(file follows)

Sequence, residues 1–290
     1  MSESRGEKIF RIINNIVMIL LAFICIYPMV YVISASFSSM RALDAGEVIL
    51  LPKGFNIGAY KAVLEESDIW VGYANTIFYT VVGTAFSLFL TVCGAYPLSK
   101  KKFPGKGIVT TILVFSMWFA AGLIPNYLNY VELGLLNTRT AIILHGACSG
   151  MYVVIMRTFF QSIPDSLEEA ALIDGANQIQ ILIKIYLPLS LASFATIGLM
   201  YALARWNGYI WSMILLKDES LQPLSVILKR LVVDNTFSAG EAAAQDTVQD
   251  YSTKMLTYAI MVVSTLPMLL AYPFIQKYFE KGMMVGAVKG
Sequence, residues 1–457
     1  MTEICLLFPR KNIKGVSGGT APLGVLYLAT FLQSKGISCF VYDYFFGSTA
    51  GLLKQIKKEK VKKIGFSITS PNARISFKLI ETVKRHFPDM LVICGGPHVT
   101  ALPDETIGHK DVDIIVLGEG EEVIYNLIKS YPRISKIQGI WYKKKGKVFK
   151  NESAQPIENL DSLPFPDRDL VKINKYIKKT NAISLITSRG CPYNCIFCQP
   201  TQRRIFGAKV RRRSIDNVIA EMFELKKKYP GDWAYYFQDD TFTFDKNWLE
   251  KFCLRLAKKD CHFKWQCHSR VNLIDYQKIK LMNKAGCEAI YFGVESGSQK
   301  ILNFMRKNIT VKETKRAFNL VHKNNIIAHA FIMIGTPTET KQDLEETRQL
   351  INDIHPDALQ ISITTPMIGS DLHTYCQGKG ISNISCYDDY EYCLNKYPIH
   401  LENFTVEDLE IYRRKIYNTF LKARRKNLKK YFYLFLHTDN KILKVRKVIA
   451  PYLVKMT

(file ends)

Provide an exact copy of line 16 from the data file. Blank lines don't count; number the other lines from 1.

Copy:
   351  INDIHPDALQ ISITTPMIGS DLHTYCQGKG ISNISCYDDY EYCLNKYPIH